wiki:accoXchange/keep_it_simple_stupid

The "Keep it Simple Stupid" accommodation data transport format

There are two thoughts that may cross your mind when you look at other people's data structures. “That's smart, I should remember that if I ever happen to work on something like that” is one, “Oh my God!” is the other one.

You can learn from both of them. Of course, beyond mere data structures there are other things that accumulated experience will teach you.

Now that I have some time I think it is the right moment to start working on my own little accommodation data transport format.

Curious? Here goes an outline of my design principles.

  • Simple: Perfection is achieved not by adding things but by taking things away.
  • Expressive: most parts of the format must reveal themselves without having to dig through piles of documentation.
  • Universal: The format can be used for descriptive content as well as for ARI data. The same format is used for both creating and updating data in the target system.
  • Efficient: the amount of information in relation to the amount of structure-giving data and meta-data such es tags and declarations is high.
  • Reliable: Every element is not only defined by specification of its semantics but by describing exactly how it must be processed. This way there is no room left for special cases, misinterpretation and “what if” questions.
  • Useful: A data transport format is only useful if the transported data has a place to become persistent. Therefore, apart from a format specification e.g. an XSD the corresponding database schema will come along with it.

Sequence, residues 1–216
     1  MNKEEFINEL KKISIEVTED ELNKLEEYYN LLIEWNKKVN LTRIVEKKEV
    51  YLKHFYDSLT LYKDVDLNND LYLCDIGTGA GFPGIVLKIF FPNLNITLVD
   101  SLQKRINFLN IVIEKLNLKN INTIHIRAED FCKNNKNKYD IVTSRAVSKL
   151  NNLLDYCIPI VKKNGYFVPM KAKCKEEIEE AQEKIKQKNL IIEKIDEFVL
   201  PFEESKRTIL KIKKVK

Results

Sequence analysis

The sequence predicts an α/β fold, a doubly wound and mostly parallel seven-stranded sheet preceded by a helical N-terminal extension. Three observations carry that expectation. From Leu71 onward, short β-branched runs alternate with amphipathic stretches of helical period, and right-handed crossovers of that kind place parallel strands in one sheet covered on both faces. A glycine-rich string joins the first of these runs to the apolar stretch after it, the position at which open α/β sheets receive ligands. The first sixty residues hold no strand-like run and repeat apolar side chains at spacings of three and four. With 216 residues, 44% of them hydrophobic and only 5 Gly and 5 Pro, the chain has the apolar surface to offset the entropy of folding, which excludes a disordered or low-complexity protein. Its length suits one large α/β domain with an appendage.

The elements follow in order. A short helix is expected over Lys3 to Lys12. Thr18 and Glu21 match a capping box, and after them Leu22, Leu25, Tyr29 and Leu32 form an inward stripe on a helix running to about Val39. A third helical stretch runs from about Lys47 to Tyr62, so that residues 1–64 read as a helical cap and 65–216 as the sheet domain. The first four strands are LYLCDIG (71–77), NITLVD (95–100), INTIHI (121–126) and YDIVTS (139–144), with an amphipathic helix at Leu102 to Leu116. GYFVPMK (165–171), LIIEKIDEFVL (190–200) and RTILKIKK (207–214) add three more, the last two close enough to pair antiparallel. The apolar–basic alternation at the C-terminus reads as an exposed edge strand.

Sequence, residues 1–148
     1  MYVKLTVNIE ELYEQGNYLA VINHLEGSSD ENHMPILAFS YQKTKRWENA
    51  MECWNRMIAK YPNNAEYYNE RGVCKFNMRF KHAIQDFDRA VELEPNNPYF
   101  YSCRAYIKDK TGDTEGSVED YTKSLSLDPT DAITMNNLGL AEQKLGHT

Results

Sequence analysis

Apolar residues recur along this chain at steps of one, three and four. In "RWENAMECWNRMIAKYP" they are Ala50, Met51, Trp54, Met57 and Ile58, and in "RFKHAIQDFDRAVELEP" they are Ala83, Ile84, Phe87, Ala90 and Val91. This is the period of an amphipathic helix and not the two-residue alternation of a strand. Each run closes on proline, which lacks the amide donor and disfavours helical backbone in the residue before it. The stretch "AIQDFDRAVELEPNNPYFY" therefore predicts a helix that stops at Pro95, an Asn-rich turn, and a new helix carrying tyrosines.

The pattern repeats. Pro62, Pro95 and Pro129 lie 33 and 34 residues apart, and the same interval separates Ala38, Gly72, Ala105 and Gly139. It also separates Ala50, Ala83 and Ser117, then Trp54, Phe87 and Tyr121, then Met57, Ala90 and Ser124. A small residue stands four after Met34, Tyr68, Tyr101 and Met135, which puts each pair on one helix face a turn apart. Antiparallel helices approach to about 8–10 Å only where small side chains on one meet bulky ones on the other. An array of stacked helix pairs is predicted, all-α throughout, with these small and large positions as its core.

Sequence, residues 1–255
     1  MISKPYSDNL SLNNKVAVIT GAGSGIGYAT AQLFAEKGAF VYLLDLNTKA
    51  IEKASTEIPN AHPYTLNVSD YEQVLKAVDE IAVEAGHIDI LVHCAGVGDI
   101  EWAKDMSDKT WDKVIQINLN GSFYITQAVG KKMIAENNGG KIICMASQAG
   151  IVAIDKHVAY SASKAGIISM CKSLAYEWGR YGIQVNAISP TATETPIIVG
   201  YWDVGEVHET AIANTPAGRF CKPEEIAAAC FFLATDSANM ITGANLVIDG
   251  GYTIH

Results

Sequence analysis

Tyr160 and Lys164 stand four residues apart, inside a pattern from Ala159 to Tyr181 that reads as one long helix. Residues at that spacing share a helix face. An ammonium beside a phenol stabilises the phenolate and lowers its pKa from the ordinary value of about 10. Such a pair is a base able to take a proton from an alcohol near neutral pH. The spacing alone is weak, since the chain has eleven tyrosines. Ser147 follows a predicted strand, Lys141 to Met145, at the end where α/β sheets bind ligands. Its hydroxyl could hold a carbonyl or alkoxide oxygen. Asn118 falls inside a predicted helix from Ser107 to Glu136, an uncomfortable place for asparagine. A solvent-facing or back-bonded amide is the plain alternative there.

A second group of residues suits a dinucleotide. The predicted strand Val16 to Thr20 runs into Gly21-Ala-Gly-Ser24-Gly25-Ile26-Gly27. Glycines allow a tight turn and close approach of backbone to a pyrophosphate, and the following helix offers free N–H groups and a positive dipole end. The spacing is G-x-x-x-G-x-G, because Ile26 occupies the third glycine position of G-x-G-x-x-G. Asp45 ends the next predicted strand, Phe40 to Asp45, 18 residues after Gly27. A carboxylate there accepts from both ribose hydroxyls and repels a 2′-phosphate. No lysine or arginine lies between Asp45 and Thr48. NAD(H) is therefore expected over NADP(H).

Simple

The 20 / 80 rule also applies to data formats: Twenty per cent of format specification will cover eighty percent of all travel products. Curious enough, price accuracy rates of many suppliers on the German market are around eighty percent when they reach distribution systems. Is that really just a coincidence?

Of course, everybody’s goal in the travel industry is to get as close as possible to the one hundred per cent, but for what effort? Do we really need to be able to represent every fancy calculation rule whether it makes sense or not? Do we really need to transport every tiny piece of static Information no matter if it will ever show up in a front end?

I am sure we should not. Tests of ARI accuracy run over converted cache data prove I am having a point. An approach which reduces complexity and potentially still gets you close to the 95% mark has a lot of things in favour.

Reduced complexity leads to:

  • Easier and faster implementation, thus less investment.
  • Less errors during data conversion, thus better data quality at the end of the day.